Abnormal cerebral ventricular system is one of the most common clinical indications for fetal MRI, mainly to detect other associated abnormalities that can be occult on prenatal ultrasonography. Although using ultrasound can identify most anomalies, MRI is known to be superior in identifying CNS anomalies as it has higher contrast resolution for brain parenchymal assessment added to the fact of being less affected by fetal positioning, oligohydramnios, maternal obesity, and reverberation artifacts. Fetal brain ventriculomegaly is defined as atrial width of > 10 mm on sonography, measured in the axial plane, at the level of the frontal horns, cavum septi pellucidi, and glomus of the choroid plexus perpendicular to the long axis of the lateral ventricle. One of the most important factors determining the fetal neurological outcome is the presence and severity of additional CNS anomalies that are better clarified by MRI. The aim of this study is to establish the role of fetal MRI in detecting the association between abnormal cerebral ventricular system and other CNS anomalies, correlation with the severity of ventriculomegaly and ventricle asymmetry.
Thirty pregnancies with fetal brain abnormal ventricular system were included in this study, 5 cases with isolated corpus callosum (CC) agenesis (16.666%); 2 cases with cystic lesions [one interhemispheric and the other dorsal] (6.666%) both associated with CC agenesis; 1 case with alobar holoprosencephaly (3.333%) associated with CC agenesis; 2 cases with semi-lobar holoprosencephaly (6.666%) [associated with CC agenesis and one of them is also associated with lissencephaly]; 3 cases with Dandy–Walker Malformation (DWM) (10%) [2 isolated and 1 associated with CC agenesis]; 3 cases with Dandy–Walker Variants (DWV) (10%) [1 isolated and 2 associated with CC agenesis]; 2 cases with Joubert syndrome (6.666%); 1 case isolated lissencephaly (3.333%); 4 cases of obstructive ventriculomegaly (13.333%) (1 of which associated with CC agenesis); 1 case of Arnold Chiari malformation type II (3.333%) associated with CC agenesis; 2 cases with meningoceles (6.666%) (occipital and parieto-occipital); 1 case with Mega cisterna Magna (3.333%); 1 case with anencephaly (3.333%); 1 case with right hemimegalencephaly (3.333%) (associated with frontal meningocele and CC agenesis); and 1 case with grade IV germinal matrix hemorrhage (3.333%). The pregnancies resulted in 20 births (66.66%), 2 died directly after birth (6.66%), 5 terminations (16.66%), and 3 intrauterine fetal deaths (IUFD) (10%). We found that the frequency of associated CNS anomalies was strongly related to the width of the ventricle. The association between CNS findings and ventricle width was particularly evident in sever ventriculomegaly. The greater the width of the ventricular system, the more the risk of associated CNS anomalies. Only one case showed diffusion restriction and was diagnosed to be of hemorrhagic nature. The relation between symmetry and degree of ventriculomegaly was found to be statistically insignificant (P = 0.115). Assessment of different fetal brain congenital anomalies was not significantly affected by the using of DWI sequence as it is a functional modality rather than being a tool for assessment of anatomical gross abnormalities.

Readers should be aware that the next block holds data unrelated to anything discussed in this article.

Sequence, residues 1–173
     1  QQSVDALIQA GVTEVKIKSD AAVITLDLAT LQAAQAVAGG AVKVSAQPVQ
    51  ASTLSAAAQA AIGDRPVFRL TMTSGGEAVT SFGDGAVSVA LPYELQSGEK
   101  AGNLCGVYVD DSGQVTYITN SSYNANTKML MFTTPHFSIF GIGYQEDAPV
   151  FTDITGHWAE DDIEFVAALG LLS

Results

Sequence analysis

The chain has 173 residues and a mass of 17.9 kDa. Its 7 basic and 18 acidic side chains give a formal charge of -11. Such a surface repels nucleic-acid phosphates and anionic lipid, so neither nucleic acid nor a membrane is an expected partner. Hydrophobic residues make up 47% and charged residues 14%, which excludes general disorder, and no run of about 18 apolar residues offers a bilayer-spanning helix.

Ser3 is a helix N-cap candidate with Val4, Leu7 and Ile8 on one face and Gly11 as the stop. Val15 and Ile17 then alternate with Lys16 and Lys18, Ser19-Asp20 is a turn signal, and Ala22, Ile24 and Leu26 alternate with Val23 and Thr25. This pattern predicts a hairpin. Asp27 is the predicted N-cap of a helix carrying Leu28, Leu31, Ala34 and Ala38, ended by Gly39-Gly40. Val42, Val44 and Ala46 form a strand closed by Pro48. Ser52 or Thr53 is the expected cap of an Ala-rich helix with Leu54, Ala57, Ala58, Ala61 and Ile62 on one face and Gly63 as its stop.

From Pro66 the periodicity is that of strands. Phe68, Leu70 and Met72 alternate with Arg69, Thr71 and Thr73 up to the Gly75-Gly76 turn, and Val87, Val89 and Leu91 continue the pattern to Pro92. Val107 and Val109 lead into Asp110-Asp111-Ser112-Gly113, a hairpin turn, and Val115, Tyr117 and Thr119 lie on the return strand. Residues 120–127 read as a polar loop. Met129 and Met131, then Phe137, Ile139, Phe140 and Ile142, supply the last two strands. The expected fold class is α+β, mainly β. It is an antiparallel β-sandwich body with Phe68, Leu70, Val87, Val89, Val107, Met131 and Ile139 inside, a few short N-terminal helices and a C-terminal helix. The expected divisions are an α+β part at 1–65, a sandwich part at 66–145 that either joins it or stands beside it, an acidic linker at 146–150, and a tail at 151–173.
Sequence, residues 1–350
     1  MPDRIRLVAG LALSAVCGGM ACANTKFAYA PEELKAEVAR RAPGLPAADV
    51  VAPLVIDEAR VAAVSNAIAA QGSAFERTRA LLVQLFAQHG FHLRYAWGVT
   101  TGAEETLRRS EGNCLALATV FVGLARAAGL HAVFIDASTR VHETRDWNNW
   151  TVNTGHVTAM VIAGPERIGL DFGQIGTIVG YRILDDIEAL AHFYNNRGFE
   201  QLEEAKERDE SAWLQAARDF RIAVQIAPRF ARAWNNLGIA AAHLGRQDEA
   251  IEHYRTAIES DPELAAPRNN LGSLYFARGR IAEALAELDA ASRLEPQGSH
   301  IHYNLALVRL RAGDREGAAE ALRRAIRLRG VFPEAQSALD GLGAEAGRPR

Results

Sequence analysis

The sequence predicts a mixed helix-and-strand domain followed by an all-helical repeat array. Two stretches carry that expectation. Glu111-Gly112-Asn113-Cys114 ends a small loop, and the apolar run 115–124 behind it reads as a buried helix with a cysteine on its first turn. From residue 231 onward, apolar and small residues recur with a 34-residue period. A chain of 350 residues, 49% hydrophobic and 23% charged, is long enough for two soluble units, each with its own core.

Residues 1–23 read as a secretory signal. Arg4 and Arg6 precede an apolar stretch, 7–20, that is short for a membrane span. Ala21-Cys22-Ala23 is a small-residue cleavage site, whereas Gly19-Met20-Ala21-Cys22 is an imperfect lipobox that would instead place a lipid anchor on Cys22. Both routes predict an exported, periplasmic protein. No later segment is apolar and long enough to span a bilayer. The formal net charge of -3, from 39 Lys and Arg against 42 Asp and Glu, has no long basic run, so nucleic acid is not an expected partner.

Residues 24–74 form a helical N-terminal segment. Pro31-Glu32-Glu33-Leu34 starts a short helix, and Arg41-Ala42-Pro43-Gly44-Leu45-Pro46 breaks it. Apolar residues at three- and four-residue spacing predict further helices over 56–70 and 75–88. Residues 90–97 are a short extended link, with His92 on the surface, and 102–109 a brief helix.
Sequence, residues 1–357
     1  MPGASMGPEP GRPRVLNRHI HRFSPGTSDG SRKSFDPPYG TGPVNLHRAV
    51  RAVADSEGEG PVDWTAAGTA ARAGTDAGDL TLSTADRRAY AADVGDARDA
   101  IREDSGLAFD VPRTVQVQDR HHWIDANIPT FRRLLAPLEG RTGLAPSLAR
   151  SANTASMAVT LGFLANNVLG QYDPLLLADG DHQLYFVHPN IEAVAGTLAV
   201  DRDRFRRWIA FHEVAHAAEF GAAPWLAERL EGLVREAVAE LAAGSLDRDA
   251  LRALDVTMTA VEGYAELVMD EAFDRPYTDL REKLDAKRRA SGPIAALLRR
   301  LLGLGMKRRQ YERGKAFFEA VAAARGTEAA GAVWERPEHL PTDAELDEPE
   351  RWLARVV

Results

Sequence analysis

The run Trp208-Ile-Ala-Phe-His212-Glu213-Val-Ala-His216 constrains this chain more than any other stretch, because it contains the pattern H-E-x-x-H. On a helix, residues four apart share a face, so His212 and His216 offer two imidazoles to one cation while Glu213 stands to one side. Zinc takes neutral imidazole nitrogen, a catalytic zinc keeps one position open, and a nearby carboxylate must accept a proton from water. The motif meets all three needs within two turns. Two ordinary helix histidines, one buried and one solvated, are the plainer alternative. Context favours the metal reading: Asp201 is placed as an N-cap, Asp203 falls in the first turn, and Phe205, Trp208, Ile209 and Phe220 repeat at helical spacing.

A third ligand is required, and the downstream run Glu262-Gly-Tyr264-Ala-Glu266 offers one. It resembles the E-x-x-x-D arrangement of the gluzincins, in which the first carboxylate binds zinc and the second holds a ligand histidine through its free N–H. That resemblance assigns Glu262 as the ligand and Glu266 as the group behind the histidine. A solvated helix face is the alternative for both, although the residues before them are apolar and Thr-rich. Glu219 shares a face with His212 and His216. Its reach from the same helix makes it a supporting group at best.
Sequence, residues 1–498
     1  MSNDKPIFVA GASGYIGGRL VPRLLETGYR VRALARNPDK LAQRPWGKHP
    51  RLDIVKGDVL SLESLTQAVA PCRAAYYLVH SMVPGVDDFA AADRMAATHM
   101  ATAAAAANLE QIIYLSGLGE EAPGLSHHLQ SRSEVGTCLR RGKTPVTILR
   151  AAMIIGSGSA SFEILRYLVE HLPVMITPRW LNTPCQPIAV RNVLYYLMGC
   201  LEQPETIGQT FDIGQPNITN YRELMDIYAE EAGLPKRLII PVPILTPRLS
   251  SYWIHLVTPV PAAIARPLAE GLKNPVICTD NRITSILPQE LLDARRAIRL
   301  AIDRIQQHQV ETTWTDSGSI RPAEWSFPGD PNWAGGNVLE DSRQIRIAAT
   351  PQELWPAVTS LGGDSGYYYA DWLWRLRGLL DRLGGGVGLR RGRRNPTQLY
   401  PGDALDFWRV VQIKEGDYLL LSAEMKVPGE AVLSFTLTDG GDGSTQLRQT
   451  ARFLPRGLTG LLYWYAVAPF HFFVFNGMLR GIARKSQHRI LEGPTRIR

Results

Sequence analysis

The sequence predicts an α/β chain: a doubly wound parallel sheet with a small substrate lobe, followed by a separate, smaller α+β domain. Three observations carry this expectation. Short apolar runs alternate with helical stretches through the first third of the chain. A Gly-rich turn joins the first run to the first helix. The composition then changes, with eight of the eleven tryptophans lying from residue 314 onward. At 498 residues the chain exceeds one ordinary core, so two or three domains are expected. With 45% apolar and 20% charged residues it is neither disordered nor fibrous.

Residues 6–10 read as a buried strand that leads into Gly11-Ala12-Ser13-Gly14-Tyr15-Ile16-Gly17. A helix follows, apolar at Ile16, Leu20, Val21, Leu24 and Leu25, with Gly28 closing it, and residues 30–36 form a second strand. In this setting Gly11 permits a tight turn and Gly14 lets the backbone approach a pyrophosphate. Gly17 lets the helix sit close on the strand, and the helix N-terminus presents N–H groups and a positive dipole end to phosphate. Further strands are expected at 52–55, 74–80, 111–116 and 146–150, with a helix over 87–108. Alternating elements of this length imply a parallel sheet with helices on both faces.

Fetal MRI is an important adjuvant to US in cases of ventriculomegaly particularly those associated with complex CNS anomalies. The association between CNS findings and ventricular dilatation was particularly evident in sever ventriculomegaly. The greater the width of the ventricular system, the more the risk of associated CNS anomalies. Fetal MRI may also be helpful in doubtful cases that could be misdiagnosed as ventriculomegaly including holoprosencephaly, hydranencephaly, porencephaly, and various supratentorial cystic lesions. DWI confirms the diagnosis of hemorrhage.